NO 6: Fueling issues
Adding an additional vehicle into your fleet not operated by an affiliate can pose a problem for fueling. The vehicle will not have a fuel card and you must decide if the chauffeur will be given a temporary card or cash, pay out of pocket, present a receipt for reimbursement, or fuel at a predetermined location. Woodruff has an arrangement with a local service station that allows chauffeurs to sign for their purchases and turn in receipts with their daily paperwork. Some companies, including Majestic, maintain pre-made kits that contain insurance cards, license information, business cards, and other necessary items ready to place into rentals as they are put into service.
NO. 7: Billing and accounting issues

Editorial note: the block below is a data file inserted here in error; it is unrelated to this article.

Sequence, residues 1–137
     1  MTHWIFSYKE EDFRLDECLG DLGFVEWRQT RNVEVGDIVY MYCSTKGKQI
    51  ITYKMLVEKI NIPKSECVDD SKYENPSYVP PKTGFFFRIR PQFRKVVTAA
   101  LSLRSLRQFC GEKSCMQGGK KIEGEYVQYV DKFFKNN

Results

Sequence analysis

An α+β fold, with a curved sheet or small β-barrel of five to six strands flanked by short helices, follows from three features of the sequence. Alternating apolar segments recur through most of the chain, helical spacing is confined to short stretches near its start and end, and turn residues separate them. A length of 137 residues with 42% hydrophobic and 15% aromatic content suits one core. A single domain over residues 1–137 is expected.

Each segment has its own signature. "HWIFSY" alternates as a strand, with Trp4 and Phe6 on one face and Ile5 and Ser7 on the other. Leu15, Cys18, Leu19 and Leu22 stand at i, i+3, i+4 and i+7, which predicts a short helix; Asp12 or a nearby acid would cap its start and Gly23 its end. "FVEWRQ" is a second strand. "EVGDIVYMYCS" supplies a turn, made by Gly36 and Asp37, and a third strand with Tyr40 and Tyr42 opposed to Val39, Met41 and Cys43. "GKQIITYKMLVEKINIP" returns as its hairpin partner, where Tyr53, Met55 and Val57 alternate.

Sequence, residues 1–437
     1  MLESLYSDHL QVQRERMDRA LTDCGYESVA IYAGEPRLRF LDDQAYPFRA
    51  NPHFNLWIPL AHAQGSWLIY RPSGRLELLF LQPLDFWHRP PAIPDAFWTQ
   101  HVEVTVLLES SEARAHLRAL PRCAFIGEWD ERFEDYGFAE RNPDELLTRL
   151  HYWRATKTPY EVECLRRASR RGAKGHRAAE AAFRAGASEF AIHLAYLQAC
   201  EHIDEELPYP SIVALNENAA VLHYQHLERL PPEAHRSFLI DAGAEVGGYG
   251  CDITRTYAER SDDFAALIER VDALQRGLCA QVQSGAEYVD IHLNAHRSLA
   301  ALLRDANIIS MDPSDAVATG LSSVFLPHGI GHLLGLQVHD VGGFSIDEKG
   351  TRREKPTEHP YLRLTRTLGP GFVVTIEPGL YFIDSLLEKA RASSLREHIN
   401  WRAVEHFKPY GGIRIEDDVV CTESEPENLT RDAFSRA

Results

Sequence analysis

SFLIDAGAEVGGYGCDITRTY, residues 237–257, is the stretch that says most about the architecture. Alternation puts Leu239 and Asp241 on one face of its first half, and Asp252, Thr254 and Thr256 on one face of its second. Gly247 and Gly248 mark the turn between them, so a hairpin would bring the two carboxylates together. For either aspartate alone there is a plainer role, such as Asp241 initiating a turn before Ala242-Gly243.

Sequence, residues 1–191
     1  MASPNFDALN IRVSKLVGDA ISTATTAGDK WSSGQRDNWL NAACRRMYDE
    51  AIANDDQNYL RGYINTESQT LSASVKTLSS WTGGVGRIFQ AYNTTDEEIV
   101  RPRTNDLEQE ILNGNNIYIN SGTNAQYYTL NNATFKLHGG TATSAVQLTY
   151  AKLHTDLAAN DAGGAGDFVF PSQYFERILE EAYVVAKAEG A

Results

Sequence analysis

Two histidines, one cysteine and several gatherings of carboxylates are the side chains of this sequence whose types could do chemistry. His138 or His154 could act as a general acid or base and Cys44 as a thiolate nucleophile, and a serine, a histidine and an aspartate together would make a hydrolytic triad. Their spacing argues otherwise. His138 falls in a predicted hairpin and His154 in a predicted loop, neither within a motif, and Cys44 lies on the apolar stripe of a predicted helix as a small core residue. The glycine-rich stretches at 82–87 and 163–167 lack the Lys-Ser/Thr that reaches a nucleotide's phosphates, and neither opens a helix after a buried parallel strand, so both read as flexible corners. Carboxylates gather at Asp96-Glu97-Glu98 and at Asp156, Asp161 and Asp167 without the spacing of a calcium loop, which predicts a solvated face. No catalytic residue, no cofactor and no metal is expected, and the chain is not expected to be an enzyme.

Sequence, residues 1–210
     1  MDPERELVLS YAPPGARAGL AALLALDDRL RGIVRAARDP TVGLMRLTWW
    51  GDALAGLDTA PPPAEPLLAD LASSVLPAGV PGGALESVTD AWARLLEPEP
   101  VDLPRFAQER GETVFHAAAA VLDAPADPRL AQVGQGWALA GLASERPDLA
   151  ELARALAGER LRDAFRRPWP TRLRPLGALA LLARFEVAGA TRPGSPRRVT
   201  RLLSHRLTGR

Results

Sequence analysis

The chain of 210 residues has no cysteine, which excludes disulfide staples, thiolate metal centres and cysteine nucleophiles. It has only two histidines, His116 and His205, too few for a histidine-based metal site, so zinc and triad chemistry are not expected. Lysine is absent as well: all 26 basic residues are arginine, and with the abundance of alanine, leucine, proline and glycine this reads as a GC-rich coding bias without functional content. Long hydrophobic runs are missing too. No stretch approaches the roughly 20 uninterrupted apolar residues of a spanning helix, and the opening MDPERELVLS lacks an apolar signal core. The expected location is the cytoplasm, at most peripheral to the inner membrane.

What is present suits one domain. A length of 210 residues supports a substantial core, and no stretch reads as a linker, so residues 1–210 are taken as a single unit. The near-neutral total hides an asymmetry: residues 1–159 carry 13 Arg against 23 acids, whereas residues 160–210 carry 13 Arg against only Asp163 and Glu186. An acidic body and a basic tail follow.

Because you are billing your client for the services rendered, it is important that your affiliate keeps detailed records of the time the vehicle was enroute to the pickup location, the time arrived at the pickup location, the time the passenger entered the vehicle, the time the passenger got out of the vehicle, and any additional time traveling home from a long-distance drop-off. In the event of a billing dispute, this issue may be critical for resolving. Do not assume an affiliate records this information, and be sure to specify you need it before the job commences. Make it clear that you must have the information about the trip within 24-hours of the job completion. This information is commonly known in the industry as “time and charges,” and includes a record of the time each status change took place and the final charges for the service.
Here are some sights and scenes from one wicked cool tradeshow.